Chardonnay Grape
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Wine Tasting - The Sense of Touch

Touch is an important category of taste sensation. This is where we try to feel the wine on the palate. Here we seek to find impressions of such things as texture, body, temperature, and astringency. The aftertaste, finish, and length of a wine are all things we feel on our palate. We are looking for how the wine feels in weight (light, medium, full) and texture (silky, coarse, velvety). Try to observe how long the sensations last in your mouth. Most will tell you the longer it lasts, the better the wine!

Locals - A Collective Tasting Room

Come visit us at Locals located at the gateway to Alexander Valley in the once sleepy hamlet of Geyserville. Locals is a collective tasting room featuring the wines of 6 local boutique wineries. Taste over 30 unique wines from talented and noted neighborhood winemakers. These are small-scale producers making premium quality and hard to find award-winning wines.

While sampling these unique selections, discover the works of area black and white photographers, listen to music from local Sonoma Country musicians and be intrigued by Locals whimsical collection of art moderne wine accessories. It all combines to create an eclectic and tasty environment.

www.tastelocalwines.com
707.857.4900
yummy@tastelocalwines.com


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Chardonnay (pronounced SHAR-doe-nay):

Chardonnay Chardonnay is the world's most popular white wine grape, with over 300,000 acres planted, 100,000 in California alone. It’s homeland is the Burgundy region of France, where it produces sublime, complex table wines (in Champagne and elsewhere it provides the base for many of the world’s best sparkling wines), but it also flourishes in California, Australia, New Zealand, Chile, Argentina and South Africa.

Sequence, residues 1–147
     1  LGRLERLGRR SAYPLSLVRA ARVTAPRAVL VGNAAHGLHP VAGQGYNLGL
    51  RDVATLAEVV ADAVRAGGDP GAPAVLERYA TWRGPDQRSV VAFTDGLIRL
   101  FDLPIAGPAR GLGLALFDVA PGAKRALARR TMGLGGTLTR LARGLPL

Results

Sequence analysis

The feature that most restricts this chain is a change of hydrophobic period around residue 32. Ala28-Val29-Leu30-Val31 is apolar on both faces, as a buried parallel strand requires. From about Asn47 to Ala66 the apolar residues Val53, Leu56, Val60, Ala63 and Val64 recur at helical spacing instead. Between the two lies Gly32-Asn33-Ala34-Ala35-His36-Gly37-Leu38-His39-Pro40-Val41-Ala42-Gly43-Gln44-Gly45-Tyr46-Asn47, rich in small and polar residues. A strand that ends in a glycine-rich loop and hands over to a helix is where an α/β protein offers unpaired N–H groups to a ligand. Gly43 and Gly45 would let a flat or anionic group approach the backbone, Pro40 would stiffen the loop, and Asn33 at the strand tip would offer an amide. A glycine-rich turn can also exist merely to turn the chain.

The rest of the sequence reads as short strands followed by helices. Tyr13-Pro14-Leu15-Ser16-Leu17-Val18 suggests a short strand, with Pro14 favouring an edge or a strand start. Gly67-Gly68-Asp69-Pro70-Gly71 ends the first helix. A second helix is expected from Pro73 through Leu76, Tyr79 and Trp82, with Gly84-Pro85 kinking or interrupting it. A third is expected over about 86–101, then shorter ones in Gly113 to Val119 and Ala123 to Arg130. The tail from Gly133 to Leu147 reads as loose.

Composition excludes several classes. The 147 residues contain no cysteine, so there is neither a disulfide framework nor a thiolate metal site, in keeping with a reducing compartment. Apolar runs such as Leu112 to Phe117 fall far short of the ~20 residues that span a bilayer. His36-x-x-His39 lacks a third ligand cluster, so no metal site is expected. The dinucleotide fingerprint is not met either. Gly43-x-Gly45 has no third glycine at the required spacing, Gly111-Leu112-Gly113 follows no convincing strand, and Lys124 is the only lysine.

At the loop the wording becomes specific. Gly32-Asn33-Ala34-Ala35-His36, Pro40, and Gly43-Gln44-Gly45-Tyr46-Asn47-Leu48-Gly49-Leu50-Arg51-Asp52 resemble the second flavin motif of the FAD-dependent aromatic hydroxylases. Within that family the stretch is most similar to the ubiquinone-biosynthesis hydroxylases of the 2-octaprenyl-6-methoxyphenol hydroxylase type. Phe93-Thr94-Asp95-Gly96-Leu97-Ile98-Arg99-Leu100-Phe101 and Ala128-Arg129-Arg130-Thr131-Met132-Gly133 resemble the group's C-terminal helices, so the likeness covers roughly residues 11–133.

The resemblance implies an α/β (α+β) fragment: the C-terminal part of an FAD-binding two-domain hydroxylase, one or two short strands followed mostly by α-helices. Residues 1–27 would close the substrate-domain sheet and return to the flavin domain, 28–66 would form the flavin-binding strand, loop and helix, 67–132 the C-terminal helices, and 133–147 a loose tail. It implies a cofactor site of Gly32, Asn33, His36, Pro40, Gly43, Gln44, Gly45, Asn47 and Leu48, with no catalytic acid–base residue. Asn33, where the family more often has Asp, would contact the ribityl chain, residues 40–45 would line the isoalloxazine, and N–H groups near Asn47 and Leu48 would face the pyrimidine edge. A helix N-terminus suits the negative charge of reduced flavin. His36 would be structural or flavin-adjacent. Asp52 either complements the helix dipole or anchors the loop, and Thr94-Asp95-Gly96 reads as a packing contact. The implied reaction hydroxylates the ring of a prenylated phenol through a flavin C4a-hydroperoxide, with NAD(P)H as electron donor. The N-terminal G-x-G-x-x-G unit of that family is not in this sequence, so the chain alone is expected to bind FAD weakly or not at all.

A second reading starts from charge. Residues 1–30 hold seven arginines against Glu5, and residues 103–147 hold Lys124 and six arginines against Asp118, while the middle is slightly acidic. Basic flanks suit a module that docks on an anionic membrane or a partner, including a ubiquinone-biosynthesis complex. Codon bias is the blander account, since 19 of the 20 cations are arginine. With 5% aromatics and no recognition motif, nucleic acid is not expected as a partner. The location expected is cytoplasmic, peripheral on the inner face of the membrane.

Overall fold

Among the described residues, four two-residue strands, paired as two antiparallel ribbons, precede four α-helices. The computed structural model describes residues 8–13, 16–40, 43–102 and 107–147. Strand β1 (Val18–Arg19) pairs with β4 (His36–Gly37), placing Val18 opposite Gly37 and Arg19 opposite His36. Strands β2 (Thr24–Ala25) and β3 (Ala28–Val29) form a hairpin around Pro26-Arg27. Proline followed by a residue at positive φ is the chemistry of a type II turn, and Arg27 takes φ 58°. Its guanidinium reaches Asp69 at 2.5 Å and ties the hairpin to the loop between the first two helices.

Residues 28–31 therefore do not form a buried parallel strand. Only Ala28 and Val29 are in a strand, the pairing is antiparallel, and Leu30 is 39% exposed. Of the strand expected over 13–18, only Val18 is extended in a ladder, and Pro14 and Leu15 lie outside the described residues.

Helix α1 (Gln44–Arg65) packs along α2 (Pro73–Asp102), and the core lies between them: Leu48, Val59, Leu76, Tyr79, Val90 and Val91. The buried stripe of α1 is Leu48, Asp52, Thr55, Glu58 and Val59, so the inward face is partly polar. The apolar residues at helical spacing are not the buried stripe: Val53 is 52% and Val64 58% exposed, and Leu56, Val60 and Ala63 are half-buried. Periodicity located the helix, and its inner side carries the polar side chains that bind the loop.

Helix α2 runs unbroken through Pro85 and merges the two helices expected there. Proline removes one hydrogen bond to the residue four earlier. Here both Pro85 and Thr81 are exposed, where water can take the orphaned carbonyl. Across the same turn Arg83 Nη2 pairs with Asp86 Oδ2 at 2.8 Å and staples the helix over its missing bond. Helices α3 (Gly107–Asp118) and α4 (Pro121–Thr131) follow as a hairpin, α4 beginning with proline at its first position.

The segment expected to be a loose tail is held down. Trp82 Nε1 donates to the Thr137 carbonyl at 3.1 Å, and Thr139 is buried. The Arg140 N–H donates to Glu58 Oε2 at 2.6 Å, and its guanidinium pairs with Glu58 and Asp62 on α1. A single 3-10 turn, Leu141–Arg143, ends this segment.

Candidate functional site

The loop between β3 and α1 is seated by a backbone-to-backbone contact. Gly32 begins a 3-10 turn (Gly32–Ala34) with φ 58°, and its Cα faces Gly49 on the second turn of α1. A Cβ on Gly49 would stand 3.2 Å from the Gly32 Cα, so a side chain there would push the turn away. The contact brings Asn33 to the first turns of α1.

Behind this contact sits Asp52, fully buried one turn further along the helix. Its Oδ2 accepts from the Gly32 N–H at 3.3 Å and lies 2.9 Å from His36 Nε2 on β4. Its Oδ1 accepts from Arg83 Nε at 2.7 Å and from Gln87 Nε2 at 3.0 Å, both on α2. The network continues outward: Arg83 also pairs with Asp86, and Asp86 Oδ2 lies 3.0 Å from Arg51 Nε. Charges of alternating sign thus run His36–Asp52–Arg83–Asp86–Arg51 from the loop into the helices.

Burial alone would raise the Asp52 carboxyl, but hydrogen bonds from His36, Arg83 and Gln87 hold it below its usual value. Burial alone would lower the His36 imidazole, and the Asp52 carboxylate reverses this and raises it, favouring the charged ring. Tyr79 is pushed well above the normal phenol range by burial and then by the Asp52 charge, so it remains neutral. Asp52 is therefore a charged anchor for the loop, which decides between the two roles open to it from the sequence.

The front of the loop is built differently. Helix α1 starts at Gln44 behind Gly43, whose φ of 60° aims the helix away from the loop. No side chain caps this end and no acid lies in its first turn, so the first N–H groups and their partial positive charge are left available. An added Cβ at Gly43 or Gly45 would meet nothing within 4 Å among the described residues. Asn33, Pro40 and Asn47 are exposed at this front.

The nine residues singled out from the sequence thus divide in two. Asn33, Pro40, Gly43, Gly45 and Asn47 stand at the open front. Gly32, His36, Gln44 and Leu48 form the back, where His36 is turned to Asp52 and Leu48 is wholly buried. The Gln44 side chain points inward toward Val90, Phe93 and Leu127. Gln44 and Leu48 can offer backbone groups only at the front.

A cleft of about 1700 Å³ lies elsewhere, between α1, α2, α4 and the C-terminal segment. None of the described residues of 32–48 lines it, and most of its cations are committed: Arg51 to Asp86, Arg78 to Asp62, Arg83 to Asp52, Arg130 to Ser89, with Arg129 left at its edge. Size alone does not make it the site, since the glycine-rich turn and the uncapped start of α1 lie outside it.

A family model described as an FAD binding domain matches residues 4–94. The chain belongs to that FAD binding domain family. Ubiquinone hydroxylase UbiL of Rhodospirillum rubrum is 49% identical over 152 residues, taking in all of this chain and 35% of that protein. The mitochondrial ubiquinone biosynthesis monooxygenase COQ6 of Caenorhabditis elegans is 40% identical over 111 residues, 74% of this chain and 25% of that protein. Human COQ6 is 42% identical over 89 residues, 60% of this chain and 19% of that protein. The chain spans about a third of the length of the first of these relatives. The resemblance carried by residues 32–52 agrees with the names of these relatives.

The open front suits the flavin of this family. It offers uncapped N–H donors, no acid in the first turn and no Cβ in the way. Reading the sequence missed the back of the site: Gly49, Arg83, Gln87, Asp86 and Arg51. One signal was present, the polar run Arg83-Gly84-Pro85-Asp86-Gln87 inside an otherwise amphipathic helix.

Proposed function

Chardonnay is a good-yielding variety that buds early in the season and also ripens relatively early, with its thin skin making it susceptible to rot from early rains. The best chardonnays come from cool climates like Burgundy or California’s Carneros District, but the variety also adapts well to warmer regions like Australia. Chardonnay ripens easily and produces medium-to-full-bodied wines with rich apple, citrus, and tropical fruit aromas and flavors. Although it can be vinified as a crisp, fruity quaffing wine, the best, most complex chardonnays, as in Burgundy, are fermented in small oak barrels and put through a secondary, malolactic fermentation, which imparts toasty, buttery characteristics to both the wine’s aroma and flavor.

Chardonnay is not an especially versatile food wine and is best paired with simply prepared seafood and poultry dishes.

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